Brain-machine interfaces (BMI) are direct communication devices between the brain and an external device such as an electronic system, a computer or a tablet, etc., allowing a person to act through thought. How? First, brain activity is recorded, usually through electrodes placed on the skull, that is to say, the electrical signals emitted when focusing attention on a thought or a specific action. Next, software analyses and interprets these signals and converts them into commands for the machine.
The first work on the BMI began in the 1970s in the University of California in Los Angeles (UCLA). Research progressed rapidly from the 1990s, especially in the field of health with the idea of “fixing” human functions. Tetraplegic individuals could thus control an exoskeleton through the thought of getting up and moving; amputees could control their bionic prosthesis; patients of the syndrome of confinement could talk to a computer and write through thought…
The best known example is probably Matthew Nagle, a former football star who became a quadriplegic after being knifed. In 2004, he was the first human to use BMI to restore certain functions lost due to his paralysis.
BrainGate was implanted into him, a system composed of one hundred electrodes known as “invasive”, that is to say connected directly to the cerebral cortex, developed by Cyberkinetic the company in collaboration with Brown University’s neuroscience department. This allowed Matthew Nagle to control a computer cursor and a robotic arm to control the TV and lighting, or to read his emails and play Pong.
Thanks to the many advances made in recent years, a BMI not only restores lost faculties (movement, hearing and sight), but could also soon expand.
Another promising area of BMI application is in gaming. The promise? To allow the player to move and interact with virtual environments, control actions in a game by thinking, or to adapt the content of the game itself through the mind of the user.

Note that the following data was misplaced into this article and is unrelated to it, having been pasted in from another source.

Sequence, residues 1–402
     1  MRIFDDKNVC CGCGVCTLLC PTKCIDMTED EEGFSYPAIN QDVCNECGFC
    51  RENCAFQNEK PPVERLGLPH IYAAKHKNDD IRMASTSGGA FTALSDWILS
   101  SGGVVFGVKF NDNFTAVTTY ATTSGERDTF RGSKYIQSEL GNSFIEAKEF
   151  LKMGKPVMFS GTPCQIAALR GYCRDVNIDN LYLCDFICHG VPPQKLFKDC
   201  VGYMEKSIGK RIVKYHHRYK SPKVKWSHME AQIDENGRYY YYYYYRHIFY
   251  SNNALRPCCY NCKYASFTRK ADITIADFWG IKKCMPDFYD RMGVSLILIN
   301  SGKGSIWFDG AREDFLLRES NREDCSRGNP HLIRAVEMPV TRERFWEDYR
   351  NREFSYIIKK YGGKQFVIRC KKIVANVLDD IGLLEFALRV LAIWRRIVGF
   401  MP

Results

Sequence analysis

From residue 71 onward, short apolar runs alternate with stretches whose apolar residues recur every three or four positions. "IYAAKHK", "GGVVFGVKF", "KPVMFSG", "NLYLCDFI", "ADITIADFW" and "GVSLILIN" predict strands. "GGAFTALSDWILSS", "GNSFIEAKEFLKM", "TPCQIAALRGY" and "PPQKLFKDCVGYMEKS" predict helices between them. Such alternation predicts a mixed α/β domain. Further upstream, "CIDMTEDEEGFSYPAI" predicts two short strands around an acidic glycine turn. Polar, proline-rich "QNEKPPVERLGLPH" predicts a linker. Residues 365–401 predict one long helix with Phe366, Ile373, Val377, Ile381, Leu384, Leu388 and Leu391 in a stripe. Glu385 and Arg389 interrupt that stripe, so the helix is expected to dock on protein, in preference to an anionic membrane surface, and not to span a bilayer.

Since the early 2000s, researchers have been testing BMI technologies in a playful video context. Although some companies already market consumer products based on electroencephalography (see slideshow), research remains experimental.
Among the most interesting projects is OpenViBE2. This collaborative research project conducted from 2009 to 2013 by academic laboratories (such as INRIA), industrial video gamers including Ubisoft, and specialists of virtual reality (Leprechaun, Clarity), focuses on the potential of brain-computer interfaces (BCI) in the field of video games with an original approach.
BCIs are apprehended not as substitutes for traditional gestural interfaces (gamepad, joystick, mouse, etc.), but rather as “a way to play in a new way, complementary to traditional techniques.
OpenViBE2 has allowed researchers to realise important scientific advances in neuroscience, in the processing of electrical brain signals, or human-machine interfaces and virtual reality, and invent new concepts to “interact with more video games in a more original and effective way”. For example, like a “Multiplayer” brain-computer interface, which allows two players to play together or against each other in a game of simplified soccer, or the automatic adaptation of the virtual world to the mental state of the player…